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State v. Hester

Decided: December 24, 1990.

STATE OF NEW JERSEY, PLAINTIFF-APPELLANT,
v.
CLEVE HESTER, JR., DEFENDANT-RESPONDENT



On appeal from the Superior Court of New Jersey, Law Division, Atlantic County.

Shebell, Havey and Skillman. The opinion of the court was delivered by Shebell, J.A.D.

Shebell

In this case of first impression in New Jersey, we are called upon to determine the validity of the stopping of an automobile after pursuit incidental to the operation of a driving-while-intoxicated (DWI) checkpoint. The basis for the stop was that the automobile made a U-turn, otherwise lawful, at a location approximately 300 to 400 feet before a police roadblock and checkpoint established for the purpose of detecting drivers operating under the influence of alcohol. The Law Division judge, in affirming the Municipal Court's order of suppression, found "the stop of defendant's vehicle to be a violation of the Fourth Amendment of the United States Constitution and Article 1 Paragraph 7 of the New Jersey Constitution." We granted the State's motion for leave to appeal, and now reverse and remand.

The State does not appear to contest the Law Division's factual findings. We recite those findings verbatim:

During the early morning hours of September 9, 1989,*fn1 the Egg Harbor Township Police Department set up a roadblock, to detect intoxicated drivers westbound on 322. The roadblock, which had ten officers assigned to it, was set up so that traffic was funneled into one lane.

At approximately 3:20 a.m. Patrolman Taverez, who was assigned to the roadblock, observed the defendant driving his vehicle in the direction of the roadblock. The defendant was 300 to 400 feet from the roadblock when he

made a lawful U-turn and proceeded eastbound on 322. Defendant did not violate any motor vehicle regulations. Moreover, the U-turn was made at the only lawful location in the area of the roadblock.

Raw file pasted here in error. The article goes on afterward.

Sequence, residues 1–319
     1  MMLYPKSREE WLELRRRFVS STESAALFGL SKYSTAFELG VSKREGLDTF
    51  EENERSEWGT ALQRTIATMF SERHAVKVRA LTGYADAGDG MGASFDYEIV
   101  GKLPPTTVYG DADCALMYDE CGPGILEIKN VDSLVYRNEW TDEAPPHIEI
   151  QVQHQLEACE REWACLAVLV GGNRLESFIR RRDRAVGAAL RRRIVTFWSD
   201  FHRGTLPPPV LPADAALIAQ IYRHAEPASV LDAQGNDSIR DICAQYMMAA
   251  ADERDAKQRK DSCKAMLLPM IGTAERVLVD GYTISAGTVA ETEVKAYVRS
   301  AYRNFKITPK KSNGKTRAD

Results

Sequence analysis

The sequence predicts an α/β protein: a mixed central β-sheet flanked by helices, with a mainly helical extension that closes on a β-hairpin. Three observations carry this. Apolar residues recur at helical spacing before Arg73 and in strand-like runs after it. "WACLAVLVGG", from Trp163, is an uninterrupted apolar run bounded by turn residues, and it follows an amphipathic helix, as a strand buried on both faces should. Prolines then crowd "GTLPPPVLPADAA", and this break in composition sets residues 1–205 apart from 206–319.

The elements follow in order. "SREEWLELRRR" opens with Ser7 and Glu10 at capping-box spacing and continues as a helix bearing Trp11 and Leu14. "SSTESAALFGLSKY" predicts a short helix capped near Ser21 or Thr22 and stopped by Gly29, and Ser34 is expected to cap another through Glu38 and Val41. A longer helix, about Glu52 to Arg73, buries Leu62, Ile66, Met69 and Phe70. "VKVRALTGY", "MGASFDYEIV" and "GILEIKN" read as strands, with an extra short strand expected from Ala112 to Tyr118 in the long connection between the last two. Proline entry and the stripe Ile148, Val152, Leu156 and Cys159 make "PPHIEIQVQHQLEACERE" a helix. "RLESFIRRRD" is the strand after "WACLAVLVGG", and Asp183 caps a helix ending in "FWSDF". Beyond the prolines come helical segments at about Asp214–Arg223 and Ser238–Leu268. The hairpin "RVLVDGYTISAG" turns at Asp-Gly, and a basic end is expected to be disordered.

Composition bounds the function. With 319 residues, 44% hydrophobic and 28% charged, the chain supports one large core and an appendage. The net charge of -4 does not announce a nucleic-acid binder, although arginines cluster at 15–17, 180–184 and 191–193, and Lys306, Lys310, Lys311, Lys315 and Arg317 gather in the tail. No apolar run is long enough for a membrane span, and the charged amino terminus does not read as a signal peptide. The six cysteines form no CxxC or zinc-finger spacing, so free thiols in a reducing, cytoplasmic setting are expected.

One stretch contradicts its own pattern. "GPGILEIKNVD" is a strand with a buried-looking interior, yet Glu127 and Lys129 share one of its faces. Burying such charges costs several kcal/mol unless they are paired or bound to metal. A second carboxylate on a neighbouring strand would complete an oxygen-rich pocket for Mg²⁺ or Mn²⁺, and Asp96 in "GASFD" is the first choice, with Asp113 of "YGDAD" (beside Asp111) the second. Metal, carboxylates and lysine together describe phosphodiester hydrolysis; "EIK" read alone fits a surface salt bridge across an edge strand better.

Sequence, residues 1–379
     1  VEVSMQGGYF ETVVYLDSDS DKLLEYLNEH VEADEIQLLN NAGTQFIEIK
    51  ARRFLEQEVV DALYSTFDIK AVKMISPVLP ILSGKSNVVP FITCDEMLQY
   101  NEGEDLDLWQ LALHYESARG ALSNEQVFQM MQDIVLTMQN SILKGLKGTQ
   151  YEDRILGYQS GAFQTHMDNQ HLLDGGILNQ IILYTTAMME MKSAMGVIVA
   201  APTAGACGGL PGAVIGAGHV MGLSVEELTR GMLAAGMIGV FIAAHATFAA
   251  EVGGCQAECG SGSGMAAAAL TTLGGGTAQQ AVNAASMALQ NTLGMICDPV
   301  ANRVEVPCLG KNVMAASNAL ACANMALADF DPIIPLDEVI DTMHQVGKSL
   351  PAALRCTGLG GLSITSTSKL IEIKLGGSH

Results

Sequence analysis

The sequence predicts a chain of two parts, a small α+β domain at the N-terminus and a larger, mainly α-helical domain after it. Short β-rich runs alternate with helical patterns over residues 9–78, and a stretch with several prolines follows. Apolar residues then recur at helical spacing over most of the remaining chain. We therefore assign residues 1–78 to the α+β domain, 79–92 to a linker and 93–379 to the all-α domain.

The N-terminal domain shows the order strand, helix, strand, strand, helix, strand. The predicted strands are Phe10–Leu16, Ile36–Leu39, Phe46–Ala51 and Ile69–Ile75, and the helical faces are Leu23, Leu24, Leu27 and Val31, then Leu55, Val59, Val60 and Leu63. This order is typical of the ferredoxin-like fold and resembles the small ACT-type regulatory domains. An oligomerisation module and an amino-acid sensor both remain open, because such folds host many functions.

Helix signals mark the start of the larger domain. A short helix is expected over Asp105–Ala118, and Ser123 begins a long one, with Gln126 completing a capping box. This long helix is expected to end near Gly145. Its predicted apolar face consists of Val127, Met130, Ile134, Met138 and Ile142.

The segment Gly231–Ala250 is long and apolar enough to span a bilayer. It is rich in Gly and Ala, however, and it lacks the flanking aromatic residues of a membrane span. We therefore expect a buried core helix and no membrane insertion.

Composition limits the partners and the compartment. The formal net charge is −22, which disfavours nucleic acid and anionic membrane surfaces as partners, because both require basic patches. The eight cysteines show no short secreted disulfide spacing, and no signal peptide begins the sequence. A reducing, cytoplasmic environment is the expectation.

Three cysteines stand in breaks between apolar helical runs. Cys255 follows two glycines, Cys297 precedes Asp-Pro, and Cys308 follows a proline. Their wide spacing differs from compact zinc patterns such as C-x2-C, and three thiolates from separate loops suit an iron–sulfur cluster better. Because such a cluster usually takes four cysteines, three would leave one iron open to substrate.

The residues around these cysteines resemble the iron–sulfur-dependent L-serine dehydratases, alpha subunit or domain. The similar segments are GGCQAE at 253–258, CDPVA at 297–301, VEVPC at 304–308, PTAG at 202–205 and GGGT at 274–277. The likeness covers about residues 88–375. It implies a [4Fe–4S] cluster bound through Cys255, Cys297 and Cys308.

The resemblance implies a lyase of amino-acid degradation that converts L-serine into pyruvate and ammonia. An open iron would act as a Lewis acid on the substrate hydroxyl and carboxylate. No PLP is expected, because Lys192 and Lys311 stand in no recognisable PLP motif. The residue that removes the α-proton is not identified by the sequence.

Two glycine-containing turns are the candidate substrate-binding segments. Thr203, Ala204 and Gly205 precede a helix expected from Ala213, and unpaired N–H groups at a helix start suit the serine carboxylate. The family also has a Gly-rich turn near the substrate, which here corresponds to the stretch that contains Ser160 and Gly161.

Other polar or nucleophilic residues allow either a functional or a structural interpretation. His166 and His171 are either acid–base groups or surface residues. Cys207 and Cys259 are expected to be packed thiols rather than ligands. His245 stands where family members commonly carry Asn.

Patrolman Taverez, upon seeing the defendant make a U-turn, drove off from his location and made a stop of the defendant's vehicle. The patrolman stopped defendant because he believed the defendant was intoxicated in that he attempted to avoid the roadblock.

After the stop the officer determined that the defendant was sober. He then asked defendant for his driving credentials and upon checking, determined that his license was revoked. Defendant was issued a summons for driving on the revoked list, pursuant to N.J.S.A. 39:3-40.

Throughout these proceedings the parties have held in abeyance the issue of the constitutional validity of the DWI roadblock.*fn2 Defendant, however, concedes that issue only for the purpose of first determining the validity of the issue presented here: whether defendant's lawful U-turn, which permitted him to avoid the roadblock, was, without more, a sufficient basis for stopping his vehicle. The Association of Criminal Defense Lawyers of New Jersey, appearing by leave as amicus curiae, asserts that "[t]his case presents the Court with the opportunity to review the practice of designating a 'pursuit vehicle' at some police sobriety checkpoints." The Association notes that this practice entails the assignment of an officer "to pull over all automobiles attempting to avoid the roadblock."

In Delaware v. Prouse, 440 U.S. 648, 99 S. Ct. 1391, 59 L. Ed. 2d 660 (1979), the United States Supreme Court unequivocally disapproved the use of random stops in an effort to apprehend unlicensed drivers and unsafe vehicles. Id. at 663, 99 S. Ct. at 1401, 59 L. Ed. 2d at 674. However, in Michigan State Police v. Sitz, 496 U.S. 444, 110 S. Ct. 2481, 2486-88, 110 L. Ed. 2d 412, 422-23 (1990), the Court, in applying the balancing test ...


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